Boostrix

What is Boostrix?

Boostrix vaccine is used to help prevent diphtheria, tetanus, and pertussis in people who are ages 10 to 64 years old. Most people in this age group require only one shot for protection against these diseases.

Boostrix works by exposing you to a small dose of the bacteria or a protein from the bacteria, which causes the body to develop immunity to the disease. Boostrix will not treat an active infection that has already developed in the body.

Like any vaccine, Boostrix may not provide protection from disease in every person.

Important information about Boostrix

In most cases, Boostrix is given in only one dose. Follow your doctor's instructions about receiving a booster dose if needed.

You can still receive Boostrix if you have a cold or fever. In the case of a more severe illness with a fever or any type of infection, wait until you get better before receiving Boostrix.

You should not receive Boostrix a second time if you had a life-threatening allergic reaction after the first shot.
Keep track of any and all side effects you have after receiving Boostrix. If you ever need to receive Boostrix again, you will need to tell your doctor if the first shot caused any side effects.

Becoming infected with diphtheria, pertussis, or tetanus is much more dangerous to your health than receiving the Boostrix vaccine to protect against these diseases. Like any medicine, Boostrix can cause side effects, but the risk of serious side effects is extremely low.

Diphtheria, tetanus, and pertussis are serious diseases caused by bacteria.

Diphtheria causes a thick coating in the nose, throat, and airway. It can lead to breathing problems, paralysis, heart failure, or death.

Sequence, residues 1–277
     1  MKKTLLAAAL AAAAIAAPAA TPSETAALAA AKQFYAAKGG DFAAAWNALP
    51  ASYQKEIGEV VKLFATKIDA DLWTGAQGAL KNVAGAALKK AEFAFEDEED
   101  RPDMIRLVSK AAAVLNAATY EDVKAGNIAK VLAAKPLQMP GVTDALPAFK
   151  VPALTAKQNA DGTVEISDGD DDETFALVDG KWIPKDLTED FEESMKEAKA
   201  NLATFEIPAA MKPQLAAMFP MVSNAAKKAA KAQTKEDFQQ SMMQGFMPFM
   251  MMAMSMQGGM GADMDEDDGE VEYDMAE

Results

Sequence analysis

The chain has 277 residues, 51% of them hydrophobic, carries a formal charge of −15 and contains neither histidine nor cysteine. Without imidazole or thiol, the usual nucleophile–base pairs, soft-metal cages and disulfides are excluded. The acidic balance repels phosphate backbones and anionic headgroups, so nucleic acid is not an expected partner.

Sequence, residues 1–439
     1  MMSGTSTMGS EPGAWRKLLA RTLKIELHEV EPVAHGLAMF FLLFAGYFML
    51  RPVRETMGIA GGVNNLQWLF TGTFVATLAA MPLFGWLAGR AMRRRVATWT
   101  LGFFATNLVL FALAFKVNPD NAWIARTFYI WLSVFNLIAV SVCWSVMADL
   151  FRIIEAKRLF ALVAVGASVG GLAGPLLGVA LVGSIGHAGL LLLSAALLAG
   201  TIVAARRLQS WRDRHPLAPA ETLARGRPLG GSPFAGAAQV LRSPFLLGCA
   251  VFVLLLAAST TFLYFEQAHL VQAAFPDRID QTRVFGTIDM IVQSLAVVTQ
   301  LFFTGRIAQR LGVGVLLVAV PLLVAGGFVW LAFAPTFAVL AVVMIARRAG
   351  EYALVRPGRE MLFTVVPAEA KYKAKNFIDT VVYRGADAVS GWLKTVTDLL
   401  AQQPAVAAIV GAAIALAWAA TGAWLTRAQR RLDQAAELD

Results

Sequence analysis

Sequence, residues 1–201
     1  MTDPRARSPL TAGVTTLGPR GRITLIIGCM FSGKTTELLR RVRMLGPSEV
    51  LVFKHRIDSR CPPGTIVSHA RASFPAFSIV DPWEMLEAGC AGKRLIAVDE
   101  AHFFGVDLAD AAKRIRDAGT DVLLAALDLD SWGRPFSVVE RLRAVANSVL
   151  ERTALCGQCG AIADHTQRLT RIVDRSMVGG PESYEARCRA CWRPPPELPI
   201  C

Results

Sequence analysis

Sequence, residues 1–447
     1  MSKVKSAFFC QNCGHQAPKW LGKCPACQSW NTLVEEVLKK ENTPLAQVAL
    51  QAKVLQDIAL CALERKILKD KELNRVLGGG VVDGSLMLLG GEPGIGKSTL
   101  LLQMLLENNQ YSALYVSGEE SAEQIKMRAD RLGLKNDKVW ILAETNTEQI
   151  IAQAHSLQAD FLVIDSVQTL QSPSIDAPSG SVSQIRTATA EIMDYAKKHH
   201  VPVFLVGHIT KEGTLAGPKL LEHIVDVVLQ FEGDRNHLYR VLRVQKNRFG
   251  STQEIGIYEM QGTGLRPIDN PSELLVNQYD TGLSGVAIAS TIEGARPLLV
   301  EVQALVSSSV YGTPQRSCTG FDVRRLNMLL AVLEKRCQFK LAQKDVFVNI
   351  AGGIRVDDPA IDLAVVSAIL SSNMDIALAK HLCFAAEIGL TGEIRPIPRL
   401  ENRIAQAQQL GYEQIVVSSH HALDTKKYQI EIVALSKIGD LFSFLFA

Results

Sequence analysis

Pertussis (whooping cough) causes coughing so severe that it interferes with eating, drinking, or breathing. These spells can last for weeks and can lead to pneumonia, seizures (convulsions), brain damage, and death.

Tetanus (lockjaw) causes painful tightening of the muscles, usually all over the body. It can lead to "locking" of the jaw so the victim cannot open the mouth or swallow. Tetanus leads to death in about 1 out of 10 cases.
Diphtheria and pertussis are spread from person to person. Tetanus enters the body through a cut or wound.

Before receiving Boostrix

You should not receive Boostrix if you have ever had a life-threatening reaction to any vaccine containing diphtheria, pertussis, or tetanus, including extreme drowsiness, fainting, or seizures (convulsions).

You may not be able to receive Boostrix if you have ever received a similar vaccine that caused any of the following:

  • a very high fever (over 104 degrees);
  • a neurologic disorder or disease affecting the brain;
  • fainting or going into shock;
  • an allergy to latex rubber;
  • severe or uncontrolled epilepsy or other seizure disorder; or
  • Guillain-Barre' syndrome (within 6 weeks after receiving a vaccine containing tetanus).

Before receiving Boostrix, tell the doctor if you have:

  • a history of seizures;
  • a neurologic disorder or disease affecting the brain (or if this was a reaction to a previous vaccine);
  • a weak immune system caused by disease, bone marrow transplant, or by using certain medicines or receiving cancer treatments; or
  • if it has been less than 5 years since you last received a tetanus shot.

You can still receive Boostrix if you have a minor cold. In the case of a more severe illness with a fever or any type of infection, wait until you get better before receiving Boostrix.

FDA pregnancy category C. Boostrix may be harmful to an unborn baby. Tell your doctor if you are pregnant. It is not known whether Boostrix passes into breast milk or if it could harm a nursing baby. Do not use this medication without telling your doctor if you are breast-feeding a baby.

The adult version of this vaccine (Adacel, Boostrix) should not be given to anyone under the age of 10 or over the age of 64. Another vaccine is available for use in children younger than 10 years old.

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